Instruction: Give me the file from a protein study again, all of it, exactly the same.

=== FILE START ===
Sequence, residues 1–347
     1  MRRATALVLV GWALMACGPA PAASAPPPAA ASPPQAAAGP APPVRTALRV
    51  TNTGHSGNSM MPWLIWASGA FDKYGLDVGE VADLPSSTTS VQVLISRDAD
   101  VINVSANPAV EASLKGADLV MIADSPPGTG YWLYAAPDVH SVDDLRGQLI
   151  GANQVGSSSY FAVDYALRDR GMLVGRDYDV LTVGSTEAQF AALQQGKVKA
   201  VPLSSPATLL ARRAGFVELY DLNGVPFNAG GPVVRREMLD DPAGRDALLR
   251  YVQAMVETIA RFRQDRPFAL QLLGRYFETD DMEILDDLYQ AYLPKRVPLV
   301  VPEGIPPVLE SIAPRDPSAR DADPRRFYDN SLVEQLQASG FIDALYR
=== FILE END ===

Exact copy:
Sequence, residues 1–347
     1  MRRATALVLV GWALMACGPA PAASAPPPAA ASPPQAAAGP APPVRTALRV
    51  TNTGHSGNSM MPWLIWASGA FDKYGLDVGE VADLPSSTTS VQVLISRDAD
   101  VINVSANPAV EASLKGADLV MIADSPPGTG YWLYAAPDVH SVDDLRGQLI
   151  GANQVGSSSY FAVDYALRDR GMLVGRDYDV LTVGSTEAQF AALQQGKVKA
   201  VPLSSPATLL ARRAGFVELY DLNGVPFNAG GPVVRREMLD DPAGRDALLR
   251  YVQAMVETIA RFRQDRPFAL QLLGRYFETD DMEILDDLYQ AYLPKRVPLV
   301  VPEGIPPVLE SIAPRDPSAR DADPRRFYDN SLVEQLQASG FIDALYR